If Dr Rainy can show to us what he considers a better method than this to assist us to fulfil the obligation of visible unity, I will not say that we shall at once accept it upon his recommendation, when we consider the kind and extent of authority upon which our own method rests; but I can say confidently that we shall listen to it with much interest, and gladly give to it our earnest attention. In the meantime he will, I trust, perceive that there is something more, very much more, in the matter, and involving other and far larger results, than he appears to suppose, when he expresses his “surprise that an honest difference of judgment regarding the number and relation of office-bearers whom Christ appointed to watch over His Church- a difference involving possibly some degree of sin on one side or other—should be conceived to place either party in an exceptional or critical relation to salvation, or to the care of the Great Shepherd.”
Dean Stanley, like many others, in his Lectures on the History of the Church of Scotland, has repeatedly spoken of Episcopalians as “ Seceders ” (see pp. 149, 169, 172). If by this he means “separatists,” he is mistaken. There has been no “separation ” on our part. We have been disestablished and disendowed once and again by questionable—because constitutionally incomplete—authority, but we have never separated. The separation of Free Churchmen, as of the Original Seceders and other Dissenters, was their own act—an act doubtless in their own opinion amply justified and fully called for.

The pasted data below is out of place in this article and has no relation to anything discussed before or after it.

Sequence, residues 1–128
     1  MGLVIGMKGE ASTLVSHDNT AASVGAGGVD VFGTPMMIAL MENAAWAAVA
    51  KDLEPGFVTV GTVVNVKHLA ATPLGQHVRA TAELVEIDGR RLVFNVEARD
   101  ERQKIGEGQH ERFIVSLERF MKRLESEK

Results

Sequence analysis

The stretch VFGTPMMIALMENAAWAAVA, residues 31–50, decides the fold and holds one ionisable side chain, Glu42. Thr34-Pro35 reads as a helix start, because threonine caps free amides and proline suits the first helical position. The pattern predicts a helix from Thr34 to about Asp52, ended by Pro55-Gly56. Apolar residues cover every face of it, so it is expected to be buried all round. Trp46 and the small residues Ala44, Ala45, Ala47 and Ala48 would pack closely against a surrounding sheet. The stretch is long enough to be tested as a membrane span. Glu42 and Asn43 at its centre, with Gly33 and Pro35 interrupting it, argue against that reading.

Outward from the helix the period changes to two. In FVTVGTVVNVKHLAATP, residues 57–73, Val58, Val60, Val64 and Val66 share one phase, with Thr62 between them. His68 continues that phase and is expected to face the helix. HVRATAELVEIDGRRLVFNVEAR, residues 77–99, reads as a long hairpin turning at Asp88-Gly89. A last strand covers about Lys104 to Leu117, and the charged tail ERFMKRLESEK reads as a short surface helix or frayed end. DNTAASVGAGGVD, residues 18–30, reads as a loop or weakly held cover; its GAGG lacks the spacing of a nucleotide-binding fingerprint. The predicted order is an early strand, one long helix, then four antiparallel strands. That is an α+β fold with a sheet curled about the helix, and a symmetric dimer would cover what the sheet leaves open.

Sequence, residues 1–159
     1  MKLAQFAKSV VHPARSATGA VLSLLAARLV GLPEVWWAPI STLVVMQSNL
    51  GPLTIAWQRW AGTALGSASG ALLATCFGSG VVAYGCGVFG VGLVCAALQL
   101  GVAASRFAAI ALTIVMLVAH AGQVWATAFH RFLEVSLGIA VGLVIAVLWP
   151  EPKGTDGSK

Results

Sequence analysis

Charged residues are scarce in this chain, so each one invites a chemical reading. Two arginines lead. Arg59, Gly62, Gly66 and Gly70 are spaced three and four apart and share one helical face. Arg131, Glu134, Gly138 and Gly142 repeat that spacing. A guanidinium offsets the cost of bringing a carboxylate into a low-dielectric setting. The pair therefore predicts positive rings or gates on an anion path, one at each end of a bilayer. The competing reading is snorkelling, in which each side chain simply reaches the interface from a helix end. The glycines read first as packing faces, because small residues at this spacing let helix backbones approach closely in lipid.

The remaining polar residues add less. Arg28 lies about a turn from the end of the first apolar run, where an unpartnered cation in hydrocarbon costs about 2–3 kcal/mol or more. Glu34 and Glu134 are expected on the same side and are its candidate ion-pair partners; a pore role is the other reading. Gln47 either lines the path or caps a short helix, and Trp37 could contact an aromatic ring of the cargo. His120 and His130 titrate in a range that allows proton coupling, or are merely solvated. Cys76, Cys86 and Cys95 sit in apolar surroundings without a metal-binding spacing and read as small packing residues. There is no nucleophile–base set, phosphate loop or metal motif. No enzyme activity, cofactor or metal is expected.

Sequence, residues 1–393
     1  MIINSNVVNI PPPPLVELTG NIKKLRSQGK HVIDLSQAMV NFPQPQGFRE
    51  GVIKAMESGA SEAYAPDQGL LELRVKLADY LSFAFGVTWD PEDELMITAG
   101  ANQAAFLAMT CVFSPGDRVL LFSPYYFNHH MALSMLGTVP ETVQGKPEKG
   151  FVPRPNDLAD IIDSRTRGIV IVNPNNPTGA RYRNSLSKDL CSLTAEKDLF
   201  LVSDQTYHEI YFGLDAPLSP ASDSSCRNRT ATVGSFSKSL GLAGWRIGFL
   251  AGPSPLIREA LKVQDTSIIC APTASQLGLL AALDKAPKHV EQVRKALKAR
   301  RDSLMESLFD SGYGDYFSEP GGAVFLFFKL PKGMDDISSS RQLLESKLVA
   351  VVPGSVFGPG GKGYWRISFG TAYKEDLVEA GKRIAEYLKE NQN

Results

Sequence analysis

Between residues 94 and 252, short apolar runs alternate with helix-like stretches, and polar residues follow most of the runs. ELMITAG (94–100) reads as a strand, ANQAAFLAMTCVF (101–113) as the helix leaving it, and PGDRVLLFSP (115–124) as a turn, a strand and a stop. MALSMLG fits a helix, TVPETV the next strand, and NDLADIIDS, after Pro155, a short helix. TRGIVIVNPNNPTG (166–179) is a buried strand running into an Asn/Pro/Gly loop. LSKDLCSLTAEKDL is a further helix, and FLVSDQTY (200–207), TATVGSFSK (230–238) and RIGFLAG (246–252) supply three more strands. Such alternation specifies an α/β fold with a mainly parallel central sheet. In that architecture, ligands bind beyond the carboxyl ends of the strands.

Having said this, let me add that I readily join with Dr Rainy in maintaining :
(1.) That “no [church] institution should be accepted or sanctioned unless it could be made good to the Church's conscience out of God's Word, and set up on that ground, cordially, heartily, and resolvedly” (p. 27)-only I must stipulate that the Church's conscience be well and competently informed.
(2.) That, “if we are to have the Church, then we must have regard to what the Church was meant to be” (p. 27).
(3.) That “if Episcopacy be the right way of it, then we ought to keep it, and organise our Church with bishops; but to put it in working order” (p. 28). Very good advice, which has been much needed heretofore, and more or less is still needed; and the more it is needed the more we have to lament that Dr Rainy himself and other good Presbyterians are not helping us to carry it into effect.
(4.) That “ the Church has to realise its peculiar position and calling by a constant regard both to truth and liberty, the authority of the Lord being supreme over both; and constant regard both to purity and to charity, the aụthority of the Lord being supreme over both” (p. 44 et seq.)
(5.) That “the Christian people feel [or ought to feel] that their footing is as good and sure as that of the officebearers” (p. 51).
(6.) That “as Christians, as Churches, we ought never to forget that first—unconditionally, always first—we have truth to speak, whether men will hear or forbear, and we have a type of life to fulfil, and be, whether men will approve or condemn” (p. 83).
On the other hand, may I not be allowed to request Dr Rainy, as a lover of truth and charity, to reconsider the description which, at p. 94, he gives of Episcopacy, as “an empirical arrangement, so doubtful in its evidence that the Scripture proof of it is given up as hopeless by many even of the Episcopalians”! and to compare that description with the words of the greatest divine who has appeared in Western Christendom since the ReformationRichard Hooker ?
“A thousand five hundred years and upwards the Church of Christ hath now continued under the sacred regiment of bishops. Neither for so long hath Christianity. been ever planted in any kingdom throughout the world, but with this kind of government alone.”—Ecc. Pol., vii. 1, 4.
“ It clearly appeareth out of Holy Scripture that Churches Apostolic did know but three degrees in the power of ecclesiastical order : at the first, apostles, presbyters, and deacons; and afterwards, instead of apostles, bishops.”— Ibid., v. 78, 79.
“I may securely, therefore, conclude that there are at this day in the Church of England no other than the same